In Book VII Lucan reaches Pharsalia, the decisive battle between Caesar and Pompey’s forces, and the indisputable climax of Civil War. (Indeed, the poem is often called Pharsalia.) Though it is clear that the fortune-favored Caesar is in ascent and the tired, hesitant Pompey is doomed, this is not a battle between two generals but between a god and a weakling.
Erictho and her necromancy have shown the whole conflict to be a sick game of fate, and at the largest level there is very little of traditional values and virtues (and virtus, which is not the same as virtue but something closer to valor) to be spoken of. Though Lucan has ambiguously spoken of brave suicides, there is far too much inhuman here for Pharsalia to seem like a pitched or even an unfair fight. It’s the infection of epic with fickle fate and fickle nature.
As though to remind readers that it is not men making history here, Lucan set plague upon Pompey’s horses and men in Book VI, from the same Stygian sources as Erictho’s power:
A bigger worry stops the chiefs from engaging
their armies: Pompey now faced a land exhausted
of grazing supplies; the cavalry trampled it under
as hard hooves racing by pounded the budding plain.
With the fields mowed down, war chargers languish.
Although their mangers brim with import hay,
they grow deathly ill, longing to chew fresh grass;
wheeling round, their knees give out and they fall.
And as their corpses rotted, dissolving limb from limb,
stagnant air drew up the contagious, flowing plague
into a foggy haze, the sort of vapor Nesis sends up,
that Stygian mist from its steaming rocks, and as the caves
of Typhon exhale a lethal madness. Then the men
succumb; the water, which takes on any taint
more readily than air, stiffens their guts with filth.
Their skin hardens tight, their eyes swell up and burst,
a burning fire of sacred fever spreads to their faces;
men are so tired they refuse to lift their heads.
More and more, headlong fate takes everything.
The living aren’t sick long before they die;
the ailment brings death with it. The crowd of fallen
worsened the plague, since unburied bodies lay there
mixed with the living; for those wretched citizens
their funeral was to be cast outside the tents.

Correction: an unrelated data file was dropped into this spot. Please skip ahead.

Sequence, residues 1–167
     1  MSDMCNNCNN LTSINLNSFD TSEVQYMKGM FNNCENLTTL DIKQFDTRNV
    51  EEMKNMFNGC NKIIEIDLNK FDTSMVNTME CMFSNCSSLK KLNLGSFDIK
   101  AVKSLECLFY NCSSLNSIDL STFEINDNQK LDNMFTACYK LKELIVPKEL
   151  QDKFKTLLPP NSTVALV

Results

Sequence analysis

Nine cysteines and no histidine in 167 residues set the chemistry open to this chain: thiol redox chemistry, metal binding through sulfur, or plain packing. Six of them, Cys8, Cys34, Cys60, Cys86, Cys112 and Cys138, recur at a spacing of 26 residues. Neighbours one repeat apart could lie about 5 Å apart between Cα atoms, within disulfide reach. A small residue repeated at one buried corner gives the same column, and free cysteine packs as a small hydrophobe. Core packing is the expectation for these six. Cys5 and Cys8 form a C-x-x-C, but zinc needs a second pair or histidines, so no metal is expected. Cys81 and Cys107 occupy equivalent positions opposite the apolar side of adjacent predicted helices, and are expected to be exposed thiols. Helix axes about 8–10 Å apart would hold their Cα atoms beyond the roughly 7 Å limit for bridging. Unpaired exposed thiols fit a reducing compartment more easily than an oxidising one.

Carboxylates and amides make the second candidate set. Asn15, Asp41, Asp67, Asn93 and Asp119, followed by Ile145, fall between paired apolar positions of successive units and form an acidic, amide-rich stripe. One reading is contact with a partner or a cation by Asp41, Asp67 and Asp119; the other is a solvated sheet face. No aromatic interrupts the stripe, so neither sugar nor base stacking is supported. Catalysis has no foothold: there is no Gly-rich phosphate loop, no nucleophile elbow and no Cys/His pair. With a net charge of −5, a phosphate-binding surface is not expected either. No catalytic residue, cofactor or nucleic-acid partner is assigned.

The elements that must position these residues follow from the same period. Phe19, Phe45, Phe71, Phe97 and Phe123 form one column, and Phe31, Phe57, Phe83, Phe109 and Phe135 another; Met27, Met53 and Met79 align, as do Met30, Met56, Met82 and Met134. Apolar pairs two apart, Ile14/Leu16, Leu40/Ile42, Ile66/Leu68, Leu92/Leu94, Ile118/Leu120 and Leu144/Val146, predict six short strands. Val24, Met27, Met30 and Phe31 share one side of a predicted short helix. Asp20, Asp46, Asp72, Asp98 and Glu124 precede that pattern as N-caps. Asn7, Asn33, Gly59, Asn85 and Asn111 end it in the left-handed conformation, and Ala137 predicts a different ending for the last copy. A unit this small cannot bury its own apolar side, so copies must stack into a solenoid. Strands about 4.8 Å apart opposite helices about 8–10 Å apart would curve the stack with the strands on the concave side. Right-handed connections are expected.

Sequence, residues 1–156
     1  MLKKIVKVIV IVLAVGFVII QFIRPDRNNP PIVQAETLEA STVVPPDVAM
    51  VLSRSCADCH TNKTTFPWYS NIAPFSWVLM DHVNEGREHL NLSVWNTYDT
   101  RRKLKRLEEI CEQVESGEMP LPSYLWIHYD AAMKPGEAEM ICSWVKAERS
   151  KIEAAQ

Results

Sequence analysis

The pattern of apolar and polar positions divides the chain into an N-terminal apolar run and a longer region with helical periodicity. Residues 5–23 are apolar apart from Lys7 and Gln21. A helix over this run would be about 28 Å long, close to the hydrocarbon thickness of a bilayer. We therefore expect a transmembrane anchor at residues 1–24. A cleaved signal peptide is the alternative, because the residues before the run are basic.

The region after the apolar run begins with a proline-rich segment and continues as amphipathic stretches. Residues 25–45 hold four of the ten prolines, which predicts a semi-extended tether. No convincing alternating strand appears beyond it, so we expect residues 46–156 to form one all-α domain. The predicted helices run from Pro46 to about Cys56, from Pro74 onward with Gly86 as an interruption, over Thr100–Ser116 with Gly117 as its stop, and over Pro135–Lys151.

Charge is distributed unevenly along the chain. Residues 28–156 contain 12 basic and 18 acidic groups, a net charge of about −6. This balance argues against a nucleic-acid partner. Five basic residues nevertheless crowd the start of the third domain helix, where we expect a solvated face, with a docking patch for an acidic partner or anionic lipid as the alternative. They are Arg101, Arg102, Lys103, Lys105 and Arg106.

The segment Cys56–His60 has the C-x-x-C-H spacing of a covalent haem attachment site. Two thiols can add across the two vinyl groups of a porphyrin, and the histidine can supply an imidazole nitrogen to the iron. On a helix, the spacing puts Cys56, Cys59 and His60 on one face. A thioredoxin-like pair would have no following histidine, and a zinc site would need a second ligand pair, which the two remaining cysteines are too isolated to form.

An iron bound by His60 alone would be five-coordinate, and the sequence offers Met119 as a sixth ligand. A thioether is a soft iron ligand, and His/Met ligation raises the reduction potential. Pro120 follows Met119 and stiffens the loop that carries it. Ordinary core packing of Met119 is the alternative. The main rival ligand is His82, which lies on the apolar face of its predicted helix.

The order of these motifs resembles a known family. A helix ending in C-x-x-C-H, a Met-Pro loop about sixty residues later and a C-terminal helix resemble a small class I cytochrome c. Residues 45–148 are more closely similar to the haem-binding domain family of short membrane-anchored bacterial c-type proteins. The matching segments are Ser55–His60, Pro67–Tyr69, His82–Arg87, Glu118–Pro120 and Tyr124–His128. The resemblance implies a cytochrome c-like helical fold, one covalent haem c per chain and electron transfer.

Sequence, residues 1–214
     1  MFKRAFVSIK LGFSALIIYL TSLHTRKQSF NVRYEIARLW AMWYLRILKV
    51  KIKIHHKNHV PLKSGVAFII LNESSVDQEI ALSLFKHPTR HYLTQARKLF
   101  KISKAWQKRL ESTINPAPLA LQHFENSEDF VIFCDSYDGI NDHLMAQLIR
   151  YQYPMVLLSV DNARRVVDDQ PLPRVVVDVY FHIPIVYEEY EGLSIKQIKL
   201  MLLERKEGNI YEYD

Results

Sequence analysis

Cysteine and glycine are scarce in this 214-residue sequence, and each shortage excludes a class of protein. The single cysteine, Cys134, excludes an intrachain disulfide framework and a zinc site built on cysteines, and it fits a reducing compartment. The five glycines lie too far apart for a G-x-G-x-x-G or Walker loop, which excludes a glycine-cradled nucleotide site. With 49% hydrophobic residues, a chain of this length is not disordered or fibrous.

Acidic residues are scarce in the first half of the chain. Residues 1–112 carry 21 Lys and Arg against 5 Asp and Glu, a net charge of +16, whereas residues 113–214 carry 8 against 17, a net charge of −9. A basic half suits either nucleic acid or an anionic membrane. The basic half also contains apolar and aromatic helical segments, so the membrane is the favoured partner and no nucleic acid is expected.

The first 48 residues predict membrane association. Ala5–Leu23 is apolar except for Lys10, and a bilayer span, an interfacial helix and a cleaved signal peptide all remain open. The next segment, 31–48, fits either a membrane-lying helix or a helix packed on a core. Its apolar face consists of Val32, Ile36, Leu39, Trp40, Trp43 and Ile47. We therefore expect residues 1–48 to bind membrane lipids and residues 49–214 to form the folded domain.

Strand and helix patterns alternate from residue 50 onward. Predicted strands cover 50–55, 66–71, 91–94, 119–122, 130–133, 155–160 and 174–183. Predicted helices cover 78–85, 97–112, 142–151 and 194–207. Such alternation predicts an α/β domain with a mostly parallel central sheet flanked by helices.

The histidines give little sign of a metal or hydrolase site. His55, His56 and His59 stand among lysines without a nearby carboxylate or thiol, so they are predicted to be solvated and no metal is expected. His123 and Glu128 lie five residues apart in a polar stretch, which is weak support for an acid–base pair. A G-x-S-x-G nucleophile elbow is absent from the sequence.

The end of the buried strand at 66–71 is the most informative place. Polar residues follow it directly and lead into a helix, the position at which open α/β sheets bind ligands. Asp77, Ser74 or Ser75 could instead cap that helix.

Civil War VI.88-111
The animals and the men are on the same level; they become infected bodies spreading plague. This incessant theme must be borne in mind while reading of the battle itself.
Yet Book VII begins with Pompey dreaming of his own days of good fortune, and, finally resigning himself to the caprices of history, he stops running and makes a stand.
“You gave me the Roman state to rule over, Fortune.
Take it back now greater, guard it amid Mars’ blindness.
For Pompey the war will be no crime or glory.
Among the gods above you’ve beat me, Caesar,
with your hostile prayers. The fight is on!”
For victory will not bring more joy to Magnus.
Today, once this massacre’s been committed,
Pompey will be a name that’s either hated
or pitied by all peoples. This final cast of lots
for everything will bring all evils on the vanquished.
All the guilt will fall upon the victor.”
So speaking, he commits the nations to arms
and rage lets loose the reins upon their raving,
as when a sailor, beaten by violent northwest blasts,
gives up his skill and hands the rudder to winds,
like worthless cargo of his ship he’s dragged along…
Civil War VII.128-150
Lucan then throws in a number of portents and omens, as though to underscore just how little control Pompey had to events. (For anyone who dares romanticize a reenchantment of nature, this is what a reenchanted nature promises you: indifferent and malevolent forces beyond control.)
This surrender to fate oddly seems to carry with it more nobility than careful strategy and defiance. Lucan’s attitude from this point on is far more sympathetic and even complimentary to Pompey. He cheers him on during the battle, even though the narrator and the readers know that Pompey is fated to lose. (There is even a flashforward to Caesar’s assassination by Cassius, to remind readers that this is real history and so already set in stone, just as Erictho told Sextus Pompey that fated history could not be altered.)
In Thessaly nature rolled out a day
unlike any other, and if the mind of man
had read through skillful augury all the heavens’
strange new signs, the whole world could have watched
the spectacle at Pharsalia.
maybe my diligent labor can also bring some profit
to these great names: whenever these wars are read,
hope and fear and dying prayers will waver,
all will stand rapt, enthralled, as though their fates
are even now approaching and not yet finished…
they’ll read and, Magnus, they still will cheer for you.
Drain the world of blood,
Magnus! Rob the victor of nations over whom
to triumph! Just annihilate them all at once!